Thinking Critically on Norway’s Immigrant Education

group of students arms up in classroom

“Why yes, Jimmy, the correct answer is don’t rape!”

One of the world’s best countries for women has a new immigrant education program that has left many observers on the fence. Norway provides voluntary-participation classes in gender relations for male immigrants who may be confused by the state of women’s rights in the Nordic country. Critics say that the program only further stigmatizes the people of color now entering Europe, while others maintain that it is a necessary tool for successful integration.

Anti-immigrant and anti-Muslim organizations throughout the West maintain that violent crime has risen in those countries that have elected to accept immigrants and refugees from war-torn countries in Africa and Asia. According to The New York Times, of the 20 men who were found responsible for a series of rapes in Stavanger between 2009 and 2011 — only three were native Norwegians. Attributing this disproportionate representation of newcomers to cultural factors, Norway created a program designed to do what Western feminists have spent years calling for: teach men not to rape.

I will be the first to admit that reading about these classes left a bad taste in my mouth. The whole idea stinks of white supremacy, right down to the idea that dark-skinned men are savage brutes bent on tearing white women’s purity asunder. To point fingers at men in foreign countries plays right into the arguments of rape apologists, who suggest that Western feminists should focus on the plight of women in third-world countries instead of combating homegrown rape culture.

If we want gender equality for all women, however, we have to be willing to remove the plank from our own eye, so to speak. Rape apologists don’t want that to happen, because it requires us to admit that the West continues to harbor huge economic, social, educational, and political gender gaps. According to the World Economic Forum’s 2014 Global Gender Gap Report, the U.S. and U.K. came in at No. 20 and No. 26, respectively, on the list of best countries for women, while Iceland, Finland, and Norway took the top three spots.

It is much less insidious, then, to offer immigrant education classes in Norway than in the U.S., simply because the Nordic country does not appear to be ignoring domestic violations of women’s rights for the sake of civilizing savages. In the U.S. — where rape-prevention continues to focus on what women can do to avoid being raped — all citizens would benefit from this program, male and female alike.

Why? Because it teaches consent, and the idea that a woman’s worth is innate and not linked to her relationship with a man: e.g. “she’s someone’s daughter/wife/sister.” That’s a huge lesson for a country where nearly 1 million rapes go unreported every year due to abysmal prosecution records and pervasive victim-blaming.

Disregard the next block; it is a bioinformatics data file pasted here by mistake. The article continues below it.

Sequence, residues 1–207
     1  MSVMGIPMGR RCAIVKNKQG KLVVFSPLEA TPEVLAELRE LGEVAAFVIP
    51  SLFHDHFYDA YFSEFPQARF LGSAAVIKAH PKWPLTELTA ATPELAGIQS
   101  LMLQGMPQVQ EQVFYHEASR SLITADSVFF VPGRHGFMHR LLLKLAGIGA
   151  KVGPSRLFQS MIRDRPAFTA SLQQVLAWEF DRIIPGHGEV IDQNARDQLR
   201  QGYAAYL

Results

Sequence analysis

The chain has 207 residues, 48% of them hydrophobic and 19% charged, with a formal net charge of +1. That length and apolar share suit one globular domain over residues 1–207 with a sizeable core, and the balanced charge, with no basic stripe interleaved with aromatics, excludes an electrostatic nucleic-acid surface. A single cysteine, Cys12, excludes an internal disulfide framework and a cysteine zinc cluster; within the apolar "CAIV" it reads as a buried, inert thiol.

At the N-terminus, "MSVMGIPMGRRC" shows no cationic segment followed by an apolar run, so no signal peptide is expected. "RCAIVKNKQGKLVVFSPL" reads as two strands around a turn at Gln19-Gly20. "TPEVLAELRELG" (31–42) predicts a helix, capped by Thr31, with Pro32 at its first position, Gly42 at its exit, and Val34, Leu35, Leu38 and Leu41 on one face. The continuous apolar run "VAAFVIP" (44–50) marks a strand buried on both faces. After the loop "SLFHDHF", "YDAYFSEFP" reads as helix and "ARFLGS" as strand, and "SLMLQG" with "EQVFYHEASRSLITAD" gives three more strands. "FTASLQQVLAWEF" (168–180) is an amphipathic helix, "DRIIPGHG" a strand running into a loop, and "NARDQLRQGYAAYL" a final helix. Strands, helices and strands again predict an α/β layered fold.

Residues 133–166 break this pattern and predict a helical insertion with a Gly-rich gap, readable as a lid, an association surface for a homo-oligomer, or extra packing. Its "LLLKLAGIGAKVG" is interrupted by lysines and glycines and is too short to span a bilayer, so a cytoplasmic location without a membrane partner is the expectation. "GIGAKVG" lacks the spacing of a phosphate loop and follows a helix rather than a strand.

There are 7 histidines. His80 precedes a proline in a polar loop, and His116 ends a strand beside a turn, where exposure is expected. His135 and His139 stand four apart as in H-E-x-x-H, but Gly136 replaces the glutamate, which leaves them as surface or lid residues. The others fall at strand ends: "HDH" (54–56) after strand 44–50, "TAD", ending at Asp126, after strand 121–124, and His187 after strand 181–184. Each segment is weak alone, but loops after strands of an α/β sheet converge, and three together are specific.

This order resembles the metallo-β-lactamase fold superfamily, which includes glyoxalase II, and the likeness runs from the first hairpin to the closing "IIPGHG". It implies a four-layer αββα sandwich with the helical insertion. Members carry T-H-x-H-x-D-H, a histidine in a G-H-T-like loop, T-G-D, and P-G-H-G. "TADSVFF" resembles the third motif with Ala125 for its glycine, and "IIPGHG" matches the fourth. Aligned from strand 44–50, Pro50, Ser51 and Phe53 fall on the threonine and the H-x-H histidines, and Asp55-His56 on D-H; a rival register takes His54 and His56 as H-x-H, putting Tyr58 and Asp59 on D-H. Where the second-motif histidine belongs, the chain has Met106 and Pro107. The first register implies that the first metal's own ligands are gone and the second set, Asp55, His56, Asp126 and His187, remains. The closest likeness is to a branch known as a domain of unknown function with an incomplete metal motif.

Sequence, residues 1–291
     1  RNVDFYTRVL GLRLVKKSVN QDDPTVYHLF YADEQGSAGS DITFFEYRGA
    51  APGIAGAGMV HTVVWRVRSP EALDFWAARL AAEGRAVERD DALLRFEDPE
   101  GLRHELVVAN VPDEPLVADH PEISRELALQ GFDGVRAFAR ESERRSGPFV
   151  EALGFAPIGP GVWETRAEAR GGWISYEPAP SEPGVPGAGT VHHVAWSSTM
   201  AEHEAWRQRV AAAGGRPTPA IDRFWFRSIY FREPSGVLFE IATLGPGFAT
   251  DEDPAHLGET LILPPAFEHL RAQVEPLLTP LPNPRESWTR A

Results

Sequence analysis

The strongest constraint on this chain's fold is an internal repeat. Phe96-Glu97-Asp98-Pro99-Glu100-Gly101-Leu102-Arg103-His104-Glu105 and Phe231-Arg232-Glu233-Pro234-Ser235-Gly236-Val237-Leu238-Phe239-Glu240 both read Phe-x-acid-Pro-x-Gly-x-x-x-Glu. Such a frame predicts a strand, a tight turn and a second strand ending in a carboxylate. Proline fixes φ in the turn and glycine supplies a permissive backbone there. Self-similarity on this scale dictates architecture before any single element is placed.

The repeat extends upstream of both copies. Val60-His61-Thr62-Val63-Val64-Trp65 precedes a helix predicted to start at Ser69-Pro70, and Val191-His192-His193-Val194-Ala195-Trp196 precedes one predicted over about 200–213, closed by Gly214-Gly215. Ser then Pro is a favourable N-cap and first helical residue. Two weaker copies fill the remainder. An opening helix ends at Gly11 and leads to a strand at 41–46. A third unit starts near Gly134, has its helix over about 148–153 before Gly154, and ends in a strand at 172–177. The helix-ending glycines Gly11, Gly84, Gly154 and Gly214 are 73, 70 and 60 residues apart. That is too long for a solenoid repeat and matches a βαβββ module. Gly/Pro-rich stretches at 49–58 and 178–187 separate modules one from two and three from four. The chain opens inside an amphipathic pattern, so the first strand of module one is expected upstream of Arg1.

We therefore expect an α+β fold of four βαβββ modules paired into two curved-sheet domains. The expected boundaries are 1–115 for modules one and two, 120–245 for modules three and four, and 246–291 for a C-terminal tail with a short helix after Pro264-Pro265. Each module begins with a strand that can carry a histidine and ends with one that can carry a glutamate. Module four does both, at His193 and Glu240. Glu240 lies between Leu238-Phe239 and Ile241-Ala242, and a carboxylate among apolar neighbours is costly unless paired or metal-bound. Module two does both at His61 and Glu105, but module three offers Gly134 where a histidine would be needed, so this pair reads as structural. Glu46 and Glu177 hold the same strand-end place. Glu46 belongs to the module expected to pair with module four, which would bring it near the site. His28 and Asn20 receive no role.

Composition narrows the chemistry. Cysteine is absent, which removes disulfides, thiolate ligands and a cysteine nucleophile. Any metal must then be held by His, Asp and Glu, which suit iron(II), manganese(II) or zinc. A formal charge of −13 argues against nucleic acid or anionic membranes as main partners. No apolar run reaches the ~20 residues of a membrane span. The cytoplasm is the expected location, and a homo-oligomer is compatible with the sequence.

The New York Times interviewed Abdu Osman Kelifa, an Eritrean immigrant enrolled in Norway’s classes. Kelifa admitted that he did not know how to read “signals from women who wear short skirts, smile or simply walk alone at night without an escort.” He drew comparisons between Norwegian women’s everyday behavior and that of “prostitutes” in his home country, where “if someone wants a lady he can just take her and he will not be punished.”

But, thanks to the gender relations program, he understands that things are different in Norway. The classes are a gentle and respectful reminder to newcomers that they are expected to follow the laws of their new country, even if those laws act in opposition to cultural traditions.

Immigrants leave the education program knowing what constitutes domestic violence, child abuse, and consent in Norway. These are revolutionary concepts to individuals from countries where women have no right to bodily autonomy. To teach them seems to be less about protecting white women than protecting the men themselves from violating laws they may not even know exist.

The New York Times does not mention whether or not the classes cover LGBTQIA rights in Norway. Among the newcomers, there are bound to be non-heterosexual and non-cisgender individuals who have lived in fear of being imprisoned for their orientations and identities. They and their families would obviously benefit from knowing that LGBTQIA people have the right to live openly and freely in Norway, where anti-discrimination laws date back to 1981.

Additionally, there is no mention of similar classes being offered for women, to educate them on their new rights and freedoms under Norwegian law. Although I have no doubt that most of the men who attend these programs will embrace the laws and values of their new home, it isn’t beyond the scope of the imagination to suspect that some may be unwilling to let their wives and daughters in on what they’ve learned. The best way to avoid such a situation is to teach immigrant women that Norway values them, and that the law will shield them if they are victimized.